China’s red-hot stock market is luring ordinary individuals, including senior citizens, homemakers and students, to share in the bonanza.
A media survey shows that 31 percent of college students are playing stocks, with 26 percent of them having invested more than 50,000 yuan (US$8,000) in the equity market.
Even high school students try to get around the age requirement for opening stock trading accounts by using real-time mobile apps.
The promise of quick profits is simply overwhelming for some students, who miss classes to check on stock movements and place orders in the middle of the class.
Their moods, too, have been affected by the swings of the stock market.
One big problem is that many students rely on market rumors to guide their investment decisions. Many of them also treat the stock market like a casino.
But there are fundamental differences between investing in stocks and gambling. Investors have their own philosophy and act more sensibly in the stock market, while gamblers rely mostly on luck.
Many college students totally ignore the possibility of loss and even believe that the government would intervene if there is a risk or a bubble in the market.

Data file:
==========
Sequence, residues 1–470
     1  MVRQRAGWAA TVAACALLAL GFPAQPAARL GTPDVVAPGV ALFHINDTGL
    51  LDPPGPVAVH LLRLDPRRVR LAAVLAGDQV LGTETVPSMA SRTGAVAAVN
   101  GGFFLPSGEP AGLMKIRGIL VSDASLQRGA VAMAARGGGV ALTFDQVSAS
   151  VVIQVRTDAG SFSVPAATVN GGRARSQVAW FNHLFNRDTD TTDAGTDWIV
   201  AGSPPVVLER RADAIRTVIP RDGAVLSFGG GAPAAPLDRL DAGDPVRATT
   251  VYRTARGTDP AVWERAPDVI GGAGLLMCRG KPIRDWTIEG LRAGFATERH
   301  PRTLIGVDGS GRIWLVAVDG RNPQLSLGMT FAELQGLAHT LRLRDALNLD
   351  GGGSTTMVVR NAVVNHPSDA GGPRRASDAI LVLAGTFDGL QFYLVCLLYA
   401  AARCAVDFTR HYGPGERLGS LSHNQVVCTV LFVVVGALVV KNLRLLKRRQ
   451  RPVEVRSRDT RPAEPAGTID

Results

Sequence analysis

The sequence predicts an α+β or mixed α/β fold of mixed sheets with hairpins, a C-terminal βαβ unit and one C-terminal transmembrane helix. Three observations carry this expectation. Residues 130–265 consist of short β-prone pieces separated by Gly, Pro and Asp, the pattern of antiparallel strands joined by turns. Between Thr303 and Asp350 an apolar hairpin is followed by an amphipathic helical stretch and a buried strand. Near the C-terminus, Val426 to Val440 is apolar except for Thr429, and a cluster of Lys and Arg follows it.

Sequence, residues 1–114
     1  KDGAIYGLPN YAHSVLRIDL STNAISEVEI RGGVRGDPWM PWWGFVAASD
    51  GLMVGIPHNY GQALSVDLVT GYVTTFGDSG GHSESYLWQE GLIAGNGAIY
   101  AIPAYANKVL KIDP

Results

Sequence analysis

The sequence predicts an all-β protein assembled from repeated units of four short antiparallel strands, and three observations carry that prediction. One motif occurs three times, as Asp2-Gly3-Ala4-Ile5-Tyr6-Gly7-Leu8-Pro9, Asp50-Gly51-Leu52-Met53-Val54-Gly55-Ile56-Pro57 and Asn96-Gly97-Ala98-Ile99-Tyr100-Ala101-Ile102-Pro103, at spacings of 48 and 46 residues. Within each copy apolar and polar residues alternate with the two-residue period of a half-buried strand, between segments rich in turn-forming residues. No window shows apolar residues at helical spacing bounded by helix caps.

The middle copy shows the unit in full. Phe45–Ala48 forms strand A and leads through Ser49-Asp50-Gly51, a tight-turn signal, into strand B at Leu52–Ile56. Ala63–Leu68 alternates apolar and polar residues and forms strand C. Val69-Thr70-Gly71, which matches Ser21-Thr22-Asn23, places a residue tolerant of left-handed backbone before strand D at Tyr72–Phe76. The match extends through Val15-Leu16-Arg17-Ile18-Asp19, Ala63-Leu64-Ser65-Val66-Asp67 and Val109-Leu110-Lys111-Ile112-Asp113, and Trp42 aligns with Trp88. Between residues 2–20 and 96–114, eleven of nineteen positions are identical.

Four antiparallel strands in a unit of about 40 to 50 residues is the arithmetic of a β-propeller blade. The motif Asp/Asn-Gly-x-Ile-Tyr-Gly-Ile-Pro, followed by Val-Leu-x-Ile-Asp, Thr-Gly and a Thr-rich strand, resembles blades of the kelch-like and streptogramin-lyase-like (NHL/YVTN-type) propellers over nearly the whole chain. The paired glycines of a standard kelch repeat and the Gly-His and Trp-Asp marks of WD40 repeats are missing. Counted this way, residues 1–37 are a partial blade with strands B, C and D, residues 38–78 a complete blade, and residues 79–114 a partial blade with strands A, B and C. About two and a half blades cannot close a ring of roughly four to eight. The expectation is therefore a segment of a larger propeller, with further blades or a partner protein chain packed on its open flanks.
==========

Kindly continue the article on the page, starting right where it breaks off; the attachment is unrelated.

It’s a total misconception. Authorities will never guarantee that stock prices will keep on going up.
It is also common in other countries for college students to invest in stocks. But they usually do it through investment funds rather than by monitoring stock movements on their own.
Also, most of their money comes from part-time or holiday jobs. This makes them very sensitive to the need for risk management.
On the other hand, most of the money Chinese college students use to invest in stocks comes from their parents. That makes them bolder in their investment decisions.
Also, most of them are the only child in the family, making them less worried about incurring the ire of their parents should they make the wrong investment decisions.
As such, they are more vulnerable in case of any setback. In fact, as early as 2007, the spokesperson of the education ministry issued a warning to discourage college students from investing in stocks.
However, betting on stocks has already become a big trend among college students. The key is to help them increase their investment knowledge and enhance their risk management.
Currently, the regulatory framework for the A-share market still needs improvement.
Seasoned investors are much more cautious because they have gone through some bitter lessons.
But college students are more fearless because of their lack of stock market experience and knowledge.
This article appeared in the Hong Kong Economic Journal on June 15.
Translation by Julie Zhu
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